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The reduction of risk worries, which led to rising risk-asset prices, continued into 2020 as equities rose steadily for nearly the entire month of January. An outbreak of a respiratory virus that started in China spooked risk-assets near the end of the month as new cases popped up around the world and in the US. The SARS-like infection, which has a notable death rate, also has a relatively long and symptom-less incubation period which makes it harder to contain. So far, the virus has hit emerging market equities harder than developed markets, reversing outperformance fueled from the signing of the Phase 1 US/China trade deal and threatening to stall economic growth in China and around the globe. The disruption may make it difficult for China to live up to the agreement of large increases of imports from the US. US interest rates flirted with moving higher in the first full trading week of 2020, after sky-high tensions cooled between the US and Iran. While rates ended up falling for most of the month, they accelerated lower late in the month due to the spreading virus and contagion fears, with longer dated maturities falling quicker. The yield curve ended January inverted, with the yield on a 10-year Treasury Note falling back below the yield on a 3-month Treasury Bill, and again raises recessionary fears for the medium-term. US growth is still solid though, with the initial estimate of 4th quarter US real GDP coming in as expected and in-line with 3Q19, at 2.1%, making the full year 2019 growth estimate equal to 2.3%. Personal consumption was the main growth contributor, with growth in government spending and a narrowing trade balance also contributing positively. Earnings season for 4Q19 have broadly lived up to lowered expectations, with 75% of S&P 500 companies who have thus-far reported, having been able to meet or beat consensus estimates.
The large-cap equity portion of Hanlon Tactical Models outperformed the large-cap proxy S&P 500 Index in January due to the tactical exclusion of the Energy sector from the strategy during the entire month. The Energy sector was by far the worst performing sector, as the Energy Select Sector SPDR ETF (XLE) fell -11%, as a result of the coronavirus potentially disrupting Chinese energy demand. The positive attribution delivered from the large-cap strategy was more than offset by late-month underperformance from tactical allocations to US small-cap, US mid-cap, and emerging market equity positions which ultimately led to the aggressive allocation of Hanlon Tactical Models to trail their respective benchmarks for the month.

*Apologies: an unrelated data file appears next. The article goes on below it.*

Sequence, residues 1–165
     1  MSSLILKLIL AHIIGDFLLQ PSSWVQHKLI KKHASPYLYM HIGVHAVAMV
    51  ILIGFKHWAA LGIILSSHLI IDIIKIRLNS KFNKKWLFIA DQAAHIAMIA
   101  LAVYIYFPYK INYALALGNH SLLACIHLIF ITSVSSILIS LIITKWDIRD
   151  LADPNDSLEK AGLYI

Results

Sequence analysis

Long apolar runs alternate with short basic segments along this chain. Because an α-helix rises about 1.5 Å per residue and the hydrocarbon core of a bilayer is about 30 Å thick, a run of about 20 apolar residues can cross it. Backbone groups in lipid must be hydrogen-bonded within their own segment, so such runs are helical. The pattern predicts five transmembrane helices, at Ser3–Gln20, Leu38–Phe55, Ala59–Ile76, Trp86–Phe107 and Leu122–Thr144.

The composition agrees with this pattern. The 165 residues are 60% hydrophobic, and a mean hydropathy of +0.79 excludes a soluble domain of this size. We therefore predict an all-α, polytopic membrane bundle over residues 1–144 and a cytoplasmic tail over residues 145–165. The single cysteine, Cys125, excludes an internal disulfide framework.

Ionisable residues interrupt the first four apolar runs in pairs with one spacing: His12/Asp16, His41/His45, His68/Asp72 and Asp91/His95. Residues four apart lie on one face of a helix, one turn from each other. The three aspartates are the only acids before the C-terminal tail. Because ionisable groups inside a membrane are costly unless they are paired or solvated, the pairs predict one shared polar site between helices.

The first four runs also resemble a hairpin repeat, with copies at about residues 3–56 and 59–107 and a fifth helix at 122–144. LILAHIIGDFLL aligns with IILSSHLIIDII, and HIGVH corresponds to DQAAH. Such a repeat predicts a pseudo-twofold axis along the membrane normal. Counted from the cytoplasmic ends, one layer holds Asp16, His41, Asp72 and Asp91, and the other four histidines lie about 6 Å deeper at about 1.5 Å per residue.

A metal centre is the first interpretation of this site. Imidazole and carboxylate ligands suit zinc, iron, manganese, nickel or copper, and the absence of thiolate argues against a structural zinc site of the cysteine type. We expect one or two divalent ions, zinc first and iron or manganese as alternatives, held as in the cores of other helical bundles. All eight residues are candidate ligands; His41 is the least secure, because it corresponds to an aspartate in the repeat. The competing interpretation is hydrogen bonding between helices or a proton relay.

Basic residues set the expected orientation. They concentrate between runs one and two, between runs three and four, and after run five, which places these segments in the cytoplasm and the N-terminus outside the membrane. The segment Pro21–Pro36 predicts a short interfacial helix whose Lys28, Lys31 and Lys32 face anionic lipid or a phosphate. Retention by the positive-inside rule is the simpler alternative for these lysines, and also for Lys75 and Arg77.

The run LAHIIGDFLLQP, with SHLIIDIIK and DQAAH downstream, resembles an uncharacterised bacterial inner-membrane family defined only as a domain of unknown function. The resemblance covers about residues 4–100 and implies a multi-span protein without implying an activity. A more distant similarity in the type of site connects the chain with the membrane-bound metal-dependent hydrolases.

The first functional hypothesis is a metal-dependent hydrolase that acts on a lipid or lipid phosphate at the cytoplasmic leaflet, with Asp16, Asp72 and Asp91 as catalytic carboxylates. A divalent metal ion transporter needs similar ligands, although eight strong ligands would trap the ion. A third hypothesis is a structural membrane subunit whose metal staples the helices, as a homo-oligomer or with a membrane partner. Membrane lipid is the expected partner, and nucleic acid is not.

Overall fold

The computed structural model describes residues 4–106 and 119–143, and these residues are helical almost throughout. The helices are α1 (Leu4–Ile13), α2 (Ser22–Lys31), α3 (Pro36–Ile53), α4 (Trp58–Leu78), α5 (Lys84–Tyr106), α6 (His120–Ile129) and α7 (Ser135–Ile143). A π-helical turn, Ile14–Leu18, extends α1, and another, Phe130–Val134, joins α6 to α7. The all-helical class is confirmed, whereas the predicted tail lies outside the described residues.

The fixed income portion of the Hanlon Tactical Models slightly outperformed their respective benchmarks, on a gross basis, with outperformance from the Hanlon Managed Income Mutual Fund offsetting a slight lag from the 3rd party managed income fund allocations. A tactical allocation to a higher quality, longer duration, bond fund combined with small Real Estate Investment Trust (REIT) positions helped the Hanlon Tactical Managed Income Model to make-up for sluggish high yield positions in January.
The outperformance of US equity markets benefitted relative performance for the strategic equity allocation, however, that outperformance was confined mainly to large-cap stocks with some of the highest weightings in broad equity indices. Small and mid-cap, and especially those with value-like qualities, reversed course quickly and more dramatically than the most-loved large cap technology stocks. This attributed negatively to model performance versus the benchmarks, due to a strategic overweight to small-cap US equities. Emerging market equities were the main source of underperformance for the aggressive models for the month, reversing early-month relative strength by selling off due to the expected economic hit from the coronavirus.
The conservative portion of strategic allocations underperformed their respective benchmarks due to a drag from the relatively smaller allocations to emerging market bonds, high yield bonds, and senior bank loans. The reduction in interest rates during the month benefitted longer dated US Treasury bonds, boosting investment grade aggregate bond funds with exposure to the long end of the yield curve. The largest strategic fixed income holding, the PIMCO Active Bond ETF, was able to beat the broader index returns in January but was not enough to reverse the drag from the sub-investment grade and foreign bond allocations. Treasury Inflation Protected Securities (TIPS) were the best performing fixed income investments during the period, while the strong US dollar led to local currency-denominated emerging market bonds being the worst.
Despite having mixed returns on the month, it was a decisively poor month for the cumulative returns from alternative investments. Underperformance from the relatively small allocation to Master Limited Partnerships (MLPs) and natural resource stocks weighed on relative performance thanks to fears of stumbling commodity consumption in China, the global growth engine. Modestly positive, yet relatively solid returns from REITs and the multi-manager Litman Gregory Masters Fund helped attribution versus the benchmarks during the month, but not enough to offset the move in commodity prices.
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